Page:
8 4 recent years, devolution has gone as far as possible. They point out that while delegation of authority can be made at the departmental level, problems will arise if authority is delegated further to the intra-departmental level. Others, however, consider that there remain significant opportunities for further delegation of authority to programme managers On the other hand, some programme managers still fear that they are being given responsibility for some tasks, without related authority, and that administrative tasks are being shed onto substantive departments under the guise of delegation of authority. As noted above, while delegation of authority may indeed have been associated at times with the decentralization of administrative tasks to administrative support units placed in substantive departments (such as Management Support Units in the WHO or Executive Offices at the United Nations), it is important to make a clear distinction between the simple de-location of administrative support and genuinely placing more decision-making powers in the hands of line managers. 14. It may also be the case that what is labelled as delegation of authority amounts to no more than delegation of signature. In the former, there is a transfer of responsibilities in a given sphere of action from one administrative authority to another, whereas in the latter, the authorized representative simply takes decisions in the name of the delegator. The distinction between delegation of authority and delegation of signature has been discussed extensively in the secretariat of the ITU as part of an exercise to clarify delegation issues and update administrative instruments. 11 However, this discussion is relevant to all organizations moving to RBM, and it should be recognized that the limitations inherent in delegation of signature are an impediment to genuine devolution of decision-making powers. 15. The risks associated with delegation of authority include potential losses of economies of scale and decreased consistency in the implementation of organizational policies. Some organizations are hesitant to delegate authority with regard to recruitment, because it might make implementation of corporate policies (on geographical distribution, gender balance or spouse employment, among others) more difficult. Even when targets are agreed upon at the departmental level for certain human resources areas, they may become difficult to reach if the head of each office/division/branch within the department is free to make selection decisions. Staffing decision-making by managers may also be difficult to reconcile with the operational requirements of mobility, particularly in field-based organizations that follow strict rotation policies such as the Office of the United Nations High Commissioner for Refugees (UNHCR), the United Nations Children s Fund (UNICEF) and the World Food Programme (WFP). 16. In several organizations, therefore, ultimate authority for the selection of candidates, in particular in the Professional category, remains in the hands of the executive head. It should be noted that governing bodies are themselves reluctant at times to relinquish authority to heads of secretariats in matters of recruitment, or have even restricted this authority, either by setting up an increasing number of legislative targets or questioning individual choices made by secretariats. Genuine delegation for the management of the organizations human resources must cascade down from the very sources of authority, namely the governing bodies, through the executive heads to heads of departments and line managers, and there must be a clear political commitment at all levels in favour of such delegation. Benchmark 2 Delegation of authority is clearly determined. 10 See the United Nations Office of Internal Oversight Services (OIOS) assessment in Review of duplication, complexity and bureaucracy in United Nations administrative processes and procedures, A/58/211, para JIU/REP/2001/3, paras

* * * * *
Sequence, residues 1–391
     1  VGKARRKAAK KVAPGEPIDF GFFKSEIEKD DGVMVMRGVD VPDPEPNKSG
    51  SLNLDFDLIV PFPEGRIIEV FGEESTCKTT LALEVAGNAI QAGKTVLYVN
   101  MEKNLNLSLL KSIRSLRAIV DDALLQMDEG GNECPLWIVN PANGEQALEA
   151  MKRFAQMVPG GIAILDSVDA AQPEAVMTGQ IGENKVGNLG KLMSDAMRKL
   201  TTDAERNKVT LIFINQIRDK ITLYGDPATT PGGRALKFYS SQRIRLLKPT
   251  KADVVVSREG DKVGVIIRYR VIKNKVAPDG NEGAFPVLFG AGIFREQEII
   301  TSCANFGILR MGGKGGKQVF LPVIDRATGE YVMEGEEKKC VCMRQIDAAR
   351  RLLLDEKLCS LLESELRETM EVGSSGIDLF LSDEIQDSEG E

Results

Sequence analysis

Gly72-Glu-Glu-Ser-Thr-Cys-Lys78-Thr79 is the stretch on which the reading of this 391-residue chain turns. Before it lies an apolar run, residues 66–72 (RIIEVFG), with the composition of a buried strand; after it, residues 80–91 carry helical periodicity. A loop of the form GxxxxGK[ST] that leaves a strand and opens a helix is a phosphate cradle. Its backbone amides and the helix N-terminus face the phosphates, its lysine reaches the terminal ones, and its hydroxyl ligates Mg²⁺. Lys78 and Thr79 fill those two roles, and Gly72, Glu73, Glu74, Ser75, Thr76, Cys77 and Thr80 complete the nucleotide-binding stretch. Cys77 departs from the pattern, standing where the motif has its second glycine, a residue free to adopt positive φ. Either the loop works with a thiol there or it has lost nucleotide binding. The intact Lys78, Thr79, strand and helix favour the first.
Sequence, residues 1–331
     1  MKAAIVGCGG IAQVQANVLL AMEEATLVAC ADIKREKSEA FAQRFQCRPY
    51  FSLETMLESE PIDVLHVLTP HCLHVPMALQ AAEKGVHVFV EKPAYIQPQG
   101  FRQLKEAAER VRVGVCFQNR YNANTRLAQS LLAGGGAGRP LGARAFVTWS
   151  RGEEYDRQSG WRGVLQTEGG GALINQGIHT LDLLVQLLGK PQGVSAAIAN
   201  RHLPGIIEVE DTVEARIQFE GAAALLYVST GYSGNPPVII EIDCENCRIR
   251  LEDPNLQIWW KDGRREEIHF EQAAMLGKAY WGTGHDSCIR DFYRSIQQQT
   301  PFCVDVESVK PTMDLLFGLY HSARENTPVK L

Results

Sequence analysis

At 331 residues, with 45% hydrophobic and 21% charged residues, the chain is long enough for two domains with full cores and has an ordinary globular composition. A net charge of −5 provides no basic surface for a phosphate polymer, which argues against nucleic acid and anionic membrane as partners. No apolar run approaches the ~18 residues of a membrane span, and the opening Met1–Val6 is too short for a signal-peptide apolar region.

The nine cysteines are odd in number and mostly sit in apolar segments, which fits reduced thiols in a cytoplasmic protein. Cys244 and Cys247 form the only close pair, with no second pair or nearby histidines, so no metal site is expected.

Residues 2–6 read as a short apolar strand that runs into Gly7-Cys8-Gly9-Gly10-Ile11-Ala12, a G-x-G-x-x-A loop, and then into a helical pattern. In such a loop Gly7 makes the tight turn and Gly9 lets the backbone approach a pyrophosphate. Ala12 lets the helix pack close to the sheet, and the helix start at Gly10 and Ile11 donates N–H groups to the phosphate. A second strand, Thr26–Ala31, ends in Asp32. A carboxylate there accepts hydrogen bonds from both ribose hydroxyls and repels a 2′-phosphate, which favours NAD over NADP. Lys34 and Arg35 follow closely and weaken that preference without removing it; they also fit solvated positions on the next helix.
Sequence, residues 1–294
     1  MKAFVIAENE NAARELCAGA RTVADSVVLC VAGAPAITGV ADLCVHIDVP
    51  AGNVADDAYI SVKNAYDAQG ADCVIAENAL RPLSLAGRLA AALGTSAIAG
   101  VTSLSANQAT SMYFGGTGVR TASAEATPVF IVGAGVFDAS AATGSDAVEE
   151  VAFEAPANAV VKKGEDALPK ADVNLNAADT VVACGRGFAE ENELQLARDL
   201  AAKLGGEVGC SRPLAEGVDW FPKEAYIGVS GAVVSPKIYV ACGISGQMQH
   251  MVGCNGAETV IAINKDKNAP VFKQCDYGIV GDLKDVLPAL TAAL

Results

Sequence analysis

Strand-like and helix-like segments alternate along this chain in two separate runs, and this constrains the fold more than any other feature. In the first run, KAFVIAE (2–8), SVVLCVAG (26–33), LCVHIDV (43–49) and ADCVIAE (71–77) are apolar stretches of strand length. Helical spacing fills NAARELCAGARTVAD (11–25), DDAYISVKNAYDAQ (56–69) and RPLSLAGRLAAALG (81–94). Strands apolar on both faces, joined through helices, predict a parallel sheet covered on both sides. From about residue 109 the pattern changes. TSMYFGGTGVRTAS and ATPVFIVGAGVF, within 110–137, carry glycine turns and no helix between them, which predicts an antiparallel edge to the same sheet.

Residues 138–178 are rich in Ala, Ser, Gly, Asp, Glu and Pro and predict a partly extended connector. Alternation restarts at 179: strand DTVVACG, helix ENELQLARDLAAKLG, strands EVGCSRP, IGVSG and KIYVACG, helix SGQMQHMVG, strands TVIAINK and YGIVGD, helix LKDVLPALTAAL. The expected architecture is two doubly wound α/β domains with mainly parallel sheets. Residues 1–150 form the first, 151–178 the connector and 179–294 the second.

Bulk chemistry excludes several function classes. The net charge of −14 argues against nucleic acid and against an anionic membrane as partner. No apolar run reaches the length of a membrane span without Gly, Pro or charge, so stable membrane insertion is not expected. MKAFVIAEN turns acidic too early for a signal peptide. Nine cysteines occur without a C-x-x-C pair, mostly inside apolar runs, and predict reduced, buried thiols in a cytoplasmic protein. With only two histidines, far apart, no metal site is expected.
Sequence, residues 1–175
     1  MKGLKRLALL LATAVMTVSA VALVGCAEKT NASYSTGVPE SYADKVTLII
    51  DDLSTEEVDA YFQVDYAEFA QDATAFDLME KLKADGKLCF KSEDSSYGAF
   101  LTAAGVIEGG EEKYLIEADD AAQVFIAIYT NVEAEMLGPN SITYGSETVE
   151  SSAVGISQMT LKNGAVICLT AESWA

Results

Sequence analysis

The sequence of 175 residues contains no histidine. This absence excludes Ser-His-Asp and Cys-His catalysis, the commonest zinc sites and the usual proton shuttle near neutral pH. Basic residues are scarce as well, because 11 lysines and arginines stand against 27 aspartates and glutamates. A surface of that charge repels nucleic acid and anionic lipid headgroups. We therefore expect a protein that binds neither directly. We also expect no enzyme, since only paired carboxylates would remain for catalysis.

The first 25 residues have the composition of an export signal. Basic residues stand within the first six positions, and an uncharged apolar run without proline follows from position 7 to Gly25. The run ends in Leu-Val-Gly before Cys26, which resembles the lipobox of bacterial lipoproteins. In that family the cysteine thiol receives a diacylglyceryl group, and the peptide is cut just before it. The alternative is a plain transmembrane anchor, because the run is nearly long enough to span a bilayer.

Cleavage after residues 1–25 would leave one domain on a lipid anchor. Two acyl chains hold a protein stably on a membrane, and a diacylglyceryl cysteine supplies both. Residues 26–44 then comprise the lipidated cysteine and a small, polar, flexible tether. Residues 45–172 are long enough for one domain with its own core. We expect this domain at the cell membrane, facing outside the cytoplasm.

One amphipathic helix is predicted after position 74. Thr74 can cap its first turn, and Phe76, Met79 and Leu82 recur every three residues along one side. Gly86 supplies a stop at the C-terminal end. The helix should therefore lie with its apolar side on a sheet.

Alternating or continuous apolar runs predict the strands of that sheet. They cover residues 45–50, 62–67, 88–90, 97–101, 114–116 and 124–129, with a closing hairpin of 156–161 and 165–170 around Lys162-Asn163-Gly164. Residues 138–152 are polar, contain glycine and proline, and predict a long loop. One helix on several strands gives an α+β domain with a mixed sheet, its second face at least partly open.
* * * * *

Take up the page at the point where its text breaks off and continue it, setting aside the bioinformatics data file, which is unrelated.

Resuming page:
9 5 C. Documentation of delegation of authority 17. Efforts have been undertaken in recent years by many organizations to update and simplify their staff rules and regulations as well as their financial rules and regulations. However, delegations of authority are still often described in a plethora of other administrative instruments, in addition to these rules and regulations, through which managers and staff must sift. Concern was repeatedly expressed to Inspectors by officials they met that there might be too much guidance provided to managers rather than too little. 18. Some secretariats have endeavoured, therefore, to sum up in one single document the authority delegated to certain types of offices. This has been the case at the Secretariat of the Food and Agriculture Organization (FAO), for instance, where respective responsibilities and lines of command for organizational units in all locations were clarified in 1999 through the issuance of a Circular on Responsibilities and Relationships. 12 The Operations Department (OD) of WFP also issued an Executive Order in 2000 entitled Guidelines for model structure, unit definitions, distribution and allocation of functions, functional statements, workflow and delegation of authority for the OD Bureaux to provide overall guidance and address the need for clearer definition of the Operations Department decision chain following the launch of its programme of organizational change. 13 At WHO in 2003, the Department of Human Resources Services compiled in 2003 a List of Delegation of Authority relating to WHO Staff Rules and Human Resources. However, the Inspectors found that the effort of UNESCO in this regard is particularly noteworthy. The Director-General of UNESCO issued in 2002 a Note entitled Delegation of Authority to Field Offices, stressing that staff delegated with a particular authority need to know what they are accountable for and staff who delegate the authority need to have the same understanding of what they expect from the staff to whom the authority is delegated. 14 A Table of Authorities and Accountabilities, compiled by the Internal Oversight Service, is attached to the Note. The Inspectors found the table to be a very useful recapitulative instrument, which clarifies the authorities of field offices in relation to headquarters, and explains the accountabilities related to each authority. Work is now in progress to develop an organization-wide Table of Authorities, which will combine the field office and headquarters authorities into one framework. 19. Such comprehensive documents should, as appropriate, be complemented by individual delegation orders, describing unambiguously the specific responsibilities assigned, and concomitant authority delegated, to heads of departments or offices. For instance, at the United Nations, these typically take the form of a Secretary-General s bulletin. The equivalent instrument at ITU is the Service Order. 15 All instruments of delegation must be systematically disseminated, as well as reviewed periodically for clarity and consistency. 20. It is important, although not always possible, that in the case of officials with the same grade to whom authority is delegated for the use of human resources, there should be consistency in the level of authority delegated. The Inspectors have noted several instances, particularly in the decentralized networks of specialized agencies, where authority delegated to managers at the same level or with the same functional title varies, leading to confusion 12 FAO, OCD/99/ OD/2000/004, 10 November UNESCO, DG/Note/02/11, 21 May A Service Order is defined as a prescriptive administrative action which constitutes an integral part of the organization s internal legal order and gives rise to rights or obligations for all or some of the staff (Service Order No. 00/1, para. 2.2).